The beauty of any digital marketing campaign is the ability to track every user action, right?
The truth is, a digital campaign is only as trackable as the data available to measure its success.
Take your digital marketing campaign’s into account, do you know which medium is generating the most amount of traffic and more importantly conversions for your business?
Yes, the basic Google Analytics (GA) grouping and reports allow you to monitor the various referral sources. Have you ever noticed that those stock groupings don’t always seem to batch the sources you’d expect them to?
That’s where you can take control of your analytics before a user even visits your site with UTM (Urchin Tracking Module) parameters. Fun fact for all the history buffs out there, Urchin refers to the predecessor Google Analytics, Urchin, which was purchased by Google in 2005 and came off of the marked int 2012.
Tagging your URLs with UTMS, allows you to get a better understanding of how visitors interact with your website by overwriting the standard data collected by GA.
This is how UTMs would appear when attached to a UTL:
To the average person, this added text on the end of the URL would probably mean nothing.
Once you add a UTM parameter to a URL, it will be permanently attached to the link regardless if you share it on another source or medium.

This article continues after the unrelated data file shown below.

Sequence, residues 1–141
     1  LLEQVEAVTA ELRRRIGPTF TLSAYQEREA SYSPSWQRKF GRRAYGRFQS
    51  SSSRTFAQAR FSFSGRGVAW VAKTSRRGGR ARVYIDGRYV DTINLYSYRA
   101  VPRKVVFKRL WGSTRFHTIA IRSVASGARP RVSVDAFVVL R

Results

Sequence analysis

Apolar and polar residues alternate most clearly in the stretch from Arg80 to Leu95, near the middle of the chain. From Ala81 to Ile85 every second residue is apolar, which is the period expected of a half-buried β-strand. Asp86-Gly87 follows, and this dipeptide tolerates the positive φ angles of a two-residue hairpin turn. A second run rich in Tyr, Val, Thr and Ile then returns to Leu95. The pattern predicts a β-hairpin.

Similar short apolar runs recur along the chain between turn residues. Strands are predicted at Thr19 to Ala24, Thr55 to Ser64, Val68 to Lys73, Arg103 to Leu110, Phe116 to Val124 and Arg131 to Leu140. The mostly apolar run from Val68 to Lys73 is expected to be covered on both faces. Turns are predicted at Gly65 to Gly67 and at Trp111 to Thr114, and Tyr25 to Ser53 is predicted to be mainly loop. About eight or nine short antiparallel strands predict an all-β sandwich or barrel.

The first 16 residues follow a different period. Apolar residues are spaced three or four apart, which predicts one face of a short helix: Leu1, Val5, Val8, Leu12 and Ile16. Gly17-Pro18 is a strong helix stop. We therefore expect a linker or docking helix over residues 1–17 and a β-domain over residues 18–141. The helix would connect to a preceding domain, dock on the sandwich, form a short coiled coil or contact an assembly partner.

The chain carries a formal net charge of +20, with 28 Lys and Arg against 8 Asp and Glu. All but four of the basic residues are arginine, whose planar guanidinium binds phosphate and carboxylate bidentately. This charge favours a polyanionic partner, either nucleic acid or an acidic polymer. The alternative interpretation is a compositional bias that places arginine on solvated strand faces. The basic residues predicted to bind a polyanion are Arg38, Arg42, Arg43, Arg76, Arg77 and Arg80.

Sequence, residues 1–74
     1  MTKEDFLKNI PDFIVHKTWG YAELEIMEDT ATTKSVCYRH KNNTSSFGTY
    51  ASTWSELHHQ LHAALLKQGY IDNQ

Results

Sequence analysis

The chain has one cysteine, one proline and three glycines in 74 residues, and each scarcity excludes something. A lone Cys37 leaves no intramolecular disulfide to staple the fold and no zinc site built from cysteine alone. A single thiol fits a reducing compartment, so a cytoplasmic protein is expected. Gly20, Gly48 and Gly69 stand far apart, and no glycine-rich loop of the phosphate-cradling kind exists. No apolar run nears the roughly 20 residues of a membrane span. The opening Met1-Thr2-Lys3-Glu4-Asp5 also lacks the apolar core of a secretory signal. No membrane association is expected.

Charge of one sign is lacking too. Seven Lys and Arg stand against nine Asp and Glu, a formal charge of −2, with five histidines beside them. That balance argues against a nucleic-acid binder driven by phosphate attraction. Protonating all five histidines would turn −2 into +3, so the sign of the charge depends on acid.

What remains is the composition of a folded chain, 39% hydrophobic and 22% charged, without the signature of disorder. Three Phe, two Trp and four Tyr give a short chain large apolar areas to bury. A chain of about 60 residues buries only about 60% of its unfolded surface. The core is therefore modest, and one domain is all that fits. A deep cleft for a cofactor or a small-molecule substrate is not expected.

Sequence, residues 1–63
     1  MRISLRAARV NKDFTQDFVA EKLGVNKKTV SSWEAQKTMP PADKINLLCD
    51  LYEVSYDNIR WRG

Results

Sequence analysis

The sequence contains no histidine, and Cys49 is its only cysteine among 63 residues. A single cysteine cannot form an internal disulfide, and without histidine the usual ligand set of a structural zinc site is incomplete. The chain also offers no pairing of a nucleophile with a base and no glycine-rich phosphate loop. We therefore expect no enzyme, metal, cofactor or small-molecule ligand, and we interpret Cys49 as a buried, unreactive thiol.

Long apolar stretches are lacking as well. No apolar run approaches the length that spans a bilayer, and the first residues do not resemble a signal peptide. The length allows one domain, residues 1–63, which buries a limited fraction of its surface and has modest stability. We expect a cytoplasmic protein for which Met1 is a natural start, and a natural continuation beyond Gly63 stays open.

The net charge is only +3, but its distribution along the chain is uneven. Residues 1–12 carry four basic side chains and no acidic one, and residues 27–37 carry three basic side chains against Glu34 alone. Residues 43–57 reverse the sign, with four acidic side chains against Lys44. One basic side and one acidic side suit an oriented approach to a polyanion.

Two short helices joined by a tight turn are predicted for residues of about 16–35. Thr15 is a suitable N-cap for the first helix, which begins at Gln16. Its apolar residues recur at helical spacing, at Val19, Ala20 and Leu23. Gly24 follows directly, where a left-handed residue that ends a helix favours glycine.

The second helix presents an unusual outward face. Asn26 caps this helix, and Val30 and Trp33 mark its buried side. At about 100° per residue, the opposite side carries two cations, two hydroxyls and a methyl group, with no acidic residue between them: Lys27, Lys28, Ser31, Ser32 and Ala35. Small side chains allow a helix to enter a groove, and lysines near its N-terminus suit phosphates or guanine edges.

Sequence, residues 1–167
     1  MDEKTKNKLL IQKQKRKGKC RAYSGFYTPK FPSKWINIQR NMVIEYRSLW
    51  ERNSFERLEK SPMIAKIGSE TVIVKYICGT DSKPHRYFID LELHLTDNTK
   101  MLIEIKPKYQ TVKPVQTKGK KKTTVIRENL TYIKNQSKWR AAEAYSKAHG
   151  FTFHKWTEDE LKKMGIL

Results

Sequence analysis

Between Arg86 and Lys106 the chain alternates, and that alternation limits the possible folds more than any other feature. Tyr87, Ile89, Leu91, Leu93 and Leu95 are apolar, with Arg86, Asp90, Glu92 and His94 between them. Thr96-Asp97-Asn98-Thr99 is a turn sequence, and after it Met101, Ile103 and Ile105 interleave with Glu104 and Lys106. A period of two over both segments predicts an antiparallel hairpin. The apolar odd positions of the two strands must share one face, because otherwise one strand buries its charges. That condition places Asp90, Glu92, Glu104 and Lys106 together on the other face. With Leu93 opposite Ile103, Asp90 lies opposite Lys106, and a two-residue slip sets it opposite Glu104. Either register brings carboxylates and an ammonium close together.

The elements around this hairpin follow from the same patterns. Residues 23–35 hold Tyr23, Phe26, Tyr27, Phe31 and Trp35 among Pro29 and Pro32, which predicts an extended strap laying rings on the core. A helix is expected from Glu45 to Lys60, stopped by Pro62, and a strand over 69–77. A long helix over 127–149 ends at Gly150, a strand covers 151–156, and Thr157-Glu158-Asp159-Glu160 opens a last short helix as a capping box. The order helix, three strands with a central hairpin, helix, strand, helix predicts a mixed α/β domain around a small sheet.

An example of this would be if you added a UTM parameter to URL that you share on Twitter and then later shared that same URL on Facebook. All of the activity on that link would be attributed to Twitter because the UTM will not dynamically adjust.
This can be somewhat problematic when you’re sharing content across different social media platforms. Not only do you need to make the manual adjustments to your UTMs, but if you’re creating valuable content that people are excited to share, then your UTM will remain stuck to the URLs people are sharing across their favorite social media platforms unless they’re scrubbed first.
There are some URL cleaning solutions that make stripping the UTM codes at the end of a URL an automatic process. However, this can also lead to some issues if the cleaned URL is shared on a closed network like email, WhatsApp, or Facebook Messenger.
This is a problem referred to dark social traffic, which is essentially the untrackable traffic that is being driven to your site.
Don’t get discouraged just yet, although UTMs are not the infallible solution you may have hoped for, they will help create clarity around the performance of your content to make informed marketing decisions.